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Showing posts from February, 2013

Stop the deficit hysteria

I was reading this post from Andrew Sullivan today when this caught my attention and prompted the email I have copy and pasted below the quote:

The committee failed; the elections loomed. Ezra’s right, I think, to see the elections as an endorsement of a mixed approach: raise revenues, reform taxes, and cut entitlements. Now some revenues have been raised – but only because without some modest concessions from the GOP, even more revenues would have been raised, tipping the economy into recession. But the implemented tax hikes, as the GOP has consistently and rightly argued, are nowhere near enough to tackle the debt. So we still do need real spending cuts in the medium and long run, especially in Medicare, and we do need defense cuts, to reduce a military-industrial complex now costing twice as much as it did a decade ago; and we desperately need tax reform and simplification. In that last option – tax reform and simplification – lies the least damaging way to raise essential revenues.

The Hagel filibuster

Republicans in the Senate have filibustered the nomination of Chuck Hagel as Secretary of Defense. This has never happened before. While there isn't an explicit rule that would prevent Republicans from doing this, it does violate the norms of the Senate's role as the advisor when it comes to cabinet nominations. The reason this is interesting is because the language in the constitution is pretty vague.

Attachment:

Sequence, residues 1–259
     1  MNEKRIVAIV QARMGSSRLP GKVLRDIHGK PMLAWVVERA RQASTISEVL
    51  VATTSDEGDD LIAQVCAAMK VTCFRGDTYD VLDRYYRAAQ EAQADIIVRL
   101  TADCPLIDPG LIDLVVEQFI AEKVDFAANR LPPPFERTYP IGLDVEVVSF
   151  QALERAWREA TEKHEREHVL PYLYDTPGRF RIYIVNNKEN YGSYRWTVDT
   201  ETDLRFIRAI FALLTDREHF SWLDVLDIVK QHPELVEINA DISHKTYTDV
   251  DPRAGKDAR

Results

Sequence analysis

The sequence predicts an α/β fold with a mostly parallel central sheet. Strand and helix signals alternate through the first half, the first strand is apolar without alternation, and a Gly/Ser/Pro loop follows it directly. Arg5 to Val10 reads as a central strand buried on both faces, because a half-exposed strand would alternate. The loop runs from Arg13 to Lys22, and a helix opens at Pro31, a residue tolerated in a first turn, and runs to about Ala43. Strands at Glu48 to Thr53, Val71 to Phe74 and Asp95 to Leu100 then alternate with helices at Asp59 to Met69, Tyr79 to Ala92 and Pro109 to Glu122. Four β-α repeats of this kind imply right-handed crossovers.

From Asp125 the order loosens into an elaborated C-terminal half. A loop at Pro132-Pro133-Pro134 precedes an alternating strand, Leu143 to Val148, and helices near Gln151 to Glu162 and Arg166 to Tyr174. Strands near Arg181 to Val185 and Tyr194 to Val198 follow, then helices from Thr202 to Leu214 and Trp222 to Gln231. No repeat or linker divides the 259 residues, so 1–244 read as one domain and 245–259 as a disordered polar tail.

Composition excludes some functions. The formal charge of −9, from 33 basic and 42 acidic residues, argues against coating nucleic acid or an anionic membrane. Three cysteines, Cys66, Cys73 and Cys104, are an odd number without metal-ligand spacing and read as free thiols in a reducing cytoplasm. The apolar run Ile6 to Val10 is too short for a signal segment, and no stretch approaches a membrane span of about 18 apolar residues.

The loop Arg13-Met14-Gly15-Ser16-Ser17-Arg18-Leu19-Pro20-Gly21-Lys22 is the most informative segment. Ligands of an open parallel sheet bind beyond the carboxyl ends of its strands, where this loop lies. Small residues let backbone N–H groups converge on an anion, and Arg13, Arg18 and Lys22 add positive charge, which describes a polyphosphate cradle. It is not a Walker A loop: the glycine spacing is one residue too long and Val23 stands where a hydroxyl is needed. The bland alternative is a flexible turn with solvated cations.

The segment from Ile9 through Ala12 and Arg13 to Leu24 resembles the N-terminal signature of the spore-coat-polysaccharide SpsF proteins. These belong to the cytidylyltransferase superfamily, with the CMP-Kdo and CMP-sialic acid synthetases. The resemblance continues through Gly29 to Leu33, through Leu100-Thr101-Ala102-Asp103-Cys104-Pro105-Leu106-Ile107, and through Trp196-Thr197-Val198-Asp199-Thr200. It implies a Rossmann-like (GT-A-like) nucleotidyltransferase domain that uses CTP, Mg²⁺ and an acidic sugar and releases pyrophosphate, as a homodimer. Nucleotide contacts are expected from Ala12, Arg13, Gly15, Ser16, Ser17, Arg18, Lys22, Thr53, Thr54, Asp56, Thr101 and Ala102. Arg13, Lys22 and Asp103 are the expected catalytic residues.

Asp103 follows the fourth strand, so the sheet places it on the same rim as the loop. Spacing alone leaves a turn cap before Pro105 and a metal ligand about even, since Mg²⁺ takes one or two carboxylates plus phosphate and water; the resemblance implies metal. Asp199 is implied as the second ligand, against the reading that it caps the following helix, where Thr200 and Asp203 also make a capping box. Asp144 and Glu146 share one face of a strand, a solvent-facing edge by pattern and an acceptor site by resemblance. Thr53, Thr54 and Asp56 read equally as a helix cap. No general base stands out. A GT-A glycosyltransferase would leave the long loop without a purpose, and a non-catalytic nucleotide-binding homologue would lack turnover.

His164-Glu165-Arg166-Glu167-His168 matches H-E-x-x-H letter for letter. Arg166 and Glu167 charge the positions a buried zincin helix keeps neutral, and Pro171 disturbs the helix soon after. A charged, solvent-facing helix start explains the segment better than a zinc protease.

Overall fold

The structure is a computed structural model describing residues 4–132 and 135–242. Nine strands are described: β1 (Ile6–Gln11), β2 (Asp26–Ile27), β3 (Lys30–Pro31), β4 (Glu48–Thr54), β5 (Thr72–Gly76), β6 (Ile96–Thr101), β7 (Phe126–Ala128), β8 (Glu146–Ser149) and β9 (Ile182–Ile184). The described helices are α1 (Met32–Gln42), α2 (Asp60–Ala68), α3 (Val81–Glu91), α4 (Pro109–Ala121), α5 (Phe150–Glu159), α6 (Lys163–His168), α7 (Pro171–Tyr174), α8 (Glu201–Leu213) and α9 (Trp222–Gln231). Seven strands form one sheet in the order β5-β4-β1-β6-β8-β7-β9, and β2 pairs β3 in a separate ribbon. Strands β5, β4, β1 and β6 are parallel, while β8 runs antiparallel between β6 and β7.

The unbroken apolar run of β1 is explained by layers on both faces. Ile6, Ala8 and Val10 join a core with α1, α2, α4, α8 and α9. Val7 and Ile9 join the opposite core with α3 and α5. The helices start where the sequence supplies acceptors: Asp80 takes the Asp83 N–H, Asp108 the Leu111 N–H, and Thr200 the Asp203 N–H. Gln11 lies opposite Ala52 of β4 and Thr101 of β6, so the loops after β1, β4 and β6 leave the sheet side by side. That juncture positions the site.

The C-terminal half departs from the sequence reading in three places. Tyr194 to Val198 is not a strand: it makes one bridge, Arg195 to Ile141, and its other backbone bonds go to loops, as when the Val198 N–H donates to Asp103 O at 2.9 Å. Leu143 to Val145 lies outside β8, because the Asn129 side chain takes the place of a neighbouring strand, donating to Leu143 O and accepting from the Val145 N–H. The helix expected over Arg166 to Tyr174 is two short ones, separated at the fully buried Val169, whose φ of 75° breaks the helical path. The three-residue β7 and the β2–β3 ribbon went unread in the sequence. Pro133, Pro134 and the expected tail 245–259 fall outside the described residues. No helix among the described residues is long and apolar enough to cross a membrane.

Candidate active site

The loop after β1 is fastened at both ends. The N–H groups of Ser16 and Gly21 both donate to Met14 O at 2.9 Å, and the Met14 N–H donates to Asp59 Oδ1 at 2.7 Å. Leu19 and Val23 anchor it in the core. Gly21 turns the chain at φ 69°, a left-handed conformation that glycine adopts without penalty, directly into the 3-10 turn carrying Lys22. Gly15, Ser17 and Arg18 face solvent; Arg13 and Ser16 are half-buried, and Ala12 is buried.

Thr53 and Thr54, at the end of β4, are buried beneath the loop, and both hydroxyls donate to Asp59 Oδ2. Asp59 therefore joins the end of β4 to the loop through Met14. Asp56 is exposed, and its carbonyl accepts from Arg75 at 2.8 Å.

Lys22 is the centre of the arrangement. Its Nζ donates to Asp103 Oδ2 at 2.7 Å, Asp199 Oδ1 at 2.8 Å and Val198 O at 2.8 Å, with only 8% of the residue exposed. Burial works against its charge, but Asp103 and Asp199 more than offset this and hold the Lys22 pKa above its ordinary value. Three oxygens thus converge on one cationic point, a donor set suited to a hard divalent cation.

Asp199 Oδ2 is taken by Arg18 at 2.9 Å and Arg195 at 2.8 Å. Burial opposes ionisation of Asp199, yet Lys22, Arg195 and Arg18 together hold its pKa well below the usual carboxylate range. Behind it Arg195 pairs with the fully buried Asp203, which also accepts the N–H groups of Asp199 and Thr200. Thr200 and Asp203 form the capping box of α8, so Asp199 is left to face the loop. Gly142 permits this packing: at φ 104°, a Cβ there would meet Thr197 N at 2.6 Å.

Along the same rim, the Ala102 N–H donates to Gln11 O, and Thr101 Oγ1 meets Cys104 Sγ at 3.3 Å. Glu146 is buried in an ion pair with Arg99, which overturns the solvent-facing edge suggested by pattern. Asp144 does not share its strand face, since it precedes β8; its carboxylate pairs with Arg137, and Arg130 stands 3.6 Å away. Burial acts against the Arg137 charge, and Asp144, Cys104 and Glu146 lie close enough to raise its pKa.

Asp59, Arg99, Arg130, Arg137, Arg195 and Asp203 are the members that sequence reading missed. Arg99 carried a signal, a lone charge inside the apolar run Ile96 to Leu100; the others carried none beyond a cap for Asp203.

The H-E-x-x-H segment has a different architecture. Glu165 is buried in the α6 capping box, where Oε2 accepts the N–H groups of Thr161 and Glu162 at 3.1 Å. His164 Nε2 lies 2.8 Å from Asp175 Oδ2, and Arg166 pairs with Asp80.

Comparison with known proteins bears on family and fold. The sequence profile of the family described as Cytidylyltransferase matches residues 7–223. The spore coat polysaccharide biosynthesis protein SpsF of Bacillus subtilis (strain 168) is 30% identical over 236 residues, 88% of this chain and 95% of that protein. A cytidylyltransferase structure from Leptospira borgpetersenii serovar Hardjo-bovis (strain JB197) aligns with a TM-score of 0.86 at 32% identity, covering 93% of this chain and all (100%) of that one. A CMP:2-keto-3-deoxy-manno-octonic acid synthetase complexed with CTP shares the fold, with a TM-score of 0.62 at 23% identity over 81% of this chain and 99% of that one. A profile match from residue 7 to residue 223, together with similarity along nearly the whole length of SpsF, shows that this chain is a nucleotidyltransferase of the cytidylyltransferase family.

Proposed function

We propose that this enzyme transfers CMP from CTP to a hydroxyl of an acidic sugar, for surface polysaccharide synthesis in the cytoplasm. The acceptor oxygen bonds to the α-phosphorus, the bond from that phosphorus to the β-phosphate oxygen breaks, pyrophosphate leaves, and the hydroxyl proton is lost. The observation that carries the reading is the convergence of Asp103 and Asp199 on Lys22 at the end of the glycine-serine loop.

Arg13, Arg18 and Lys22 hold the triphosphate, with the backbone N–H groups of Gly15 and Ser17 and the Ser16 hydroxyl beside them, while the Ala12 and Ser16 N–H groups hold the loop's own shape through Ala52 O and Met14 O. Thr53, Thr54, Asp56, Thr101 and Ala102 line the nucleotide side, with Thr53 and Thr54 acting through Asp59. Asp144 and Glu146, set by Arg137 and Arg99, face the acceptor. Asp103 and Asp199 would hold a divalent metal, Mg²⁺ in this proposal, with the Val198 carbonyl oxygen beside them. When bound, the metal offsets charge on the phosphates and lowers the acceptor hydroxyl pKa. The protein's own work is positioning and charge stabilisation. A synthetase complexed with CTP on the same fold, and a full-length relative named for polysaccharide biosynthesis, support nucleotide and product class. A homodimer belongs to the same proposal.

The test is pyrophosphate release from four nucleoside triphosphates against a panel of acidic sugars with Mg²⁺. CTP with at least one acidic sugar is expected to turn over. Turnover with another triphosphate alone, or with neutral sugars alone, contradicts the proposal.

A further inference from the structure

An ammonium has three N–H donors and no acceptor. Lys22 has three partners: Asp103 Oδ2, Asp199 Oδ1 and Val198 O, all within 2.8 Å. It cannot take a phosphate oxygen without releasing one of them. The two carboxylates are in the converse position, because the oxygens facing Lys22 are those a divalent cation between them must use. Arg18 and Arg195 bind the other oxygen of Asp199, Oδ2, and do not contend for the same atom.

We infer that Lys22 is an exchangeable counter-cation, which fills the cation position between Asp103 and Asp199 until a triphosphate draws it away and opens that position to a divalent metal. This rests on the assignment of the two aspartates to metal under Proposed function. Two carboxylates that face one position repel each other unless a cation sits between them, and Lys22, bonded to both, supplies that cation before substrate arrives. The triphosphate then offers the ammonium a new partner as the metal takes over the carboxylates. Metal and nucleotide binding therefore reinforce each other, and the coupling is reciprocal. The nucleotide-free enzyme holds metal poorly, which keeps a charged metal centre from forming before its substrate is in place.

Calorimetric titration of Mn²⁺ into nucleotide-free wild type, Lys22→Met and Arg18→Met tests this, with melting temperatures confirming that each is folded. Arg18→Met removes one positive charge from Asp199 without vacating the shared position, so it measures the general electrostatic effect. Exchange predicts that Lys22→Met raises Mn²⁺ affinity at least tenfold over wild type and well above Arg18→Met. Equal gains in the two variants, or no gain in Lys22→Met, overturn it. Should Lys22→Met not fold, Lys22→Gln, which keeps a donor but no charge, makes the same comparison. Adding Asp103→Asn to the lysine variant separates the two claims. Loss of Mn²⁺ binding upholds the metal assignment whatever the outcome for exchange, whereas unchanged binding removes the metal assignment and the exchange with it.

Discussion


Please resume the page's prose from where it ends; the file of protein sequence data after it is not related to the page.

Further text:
It just says that the Senate should advise and consent on these nominations. It gives no further guidelines. So what should be the defined role of the Senate here? I'm not going to research the entire history of this issues. In all my readings about the constitutional convention I don't recall this specific issue coming up. But in having a framework for what the different factions at the constitutional convention wanted, I think we can come close to figuring out what they meant the passage to mean.